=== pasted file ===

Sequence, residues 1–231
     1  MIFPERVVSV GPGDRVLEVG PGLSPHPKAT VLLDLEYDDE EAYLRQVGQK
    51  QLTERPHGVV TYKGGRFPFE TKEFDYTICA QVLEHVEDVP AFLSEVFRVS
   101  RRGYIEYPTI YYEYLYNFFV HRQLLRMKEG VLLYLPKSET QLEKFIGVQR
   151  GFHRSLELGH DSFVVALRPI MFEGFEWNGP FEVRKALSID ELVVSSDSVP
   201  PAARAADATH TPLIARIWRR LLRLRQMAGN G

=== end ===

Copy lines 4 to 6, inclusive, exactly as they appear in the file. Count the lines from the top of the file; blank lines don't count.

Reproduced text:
   101  RRGYIEYPTI YYEYLYNFFV HRQLLRMKEG VLLYLPKSET QLEKFIGVQR
   151  GFHRSLELGH DSFVVALRPI MFEGFEWNGP FEVRKALSID ELVVSSDSVP
   201  PAARAADATH TPLIARIWRR LLRLRQMAGN G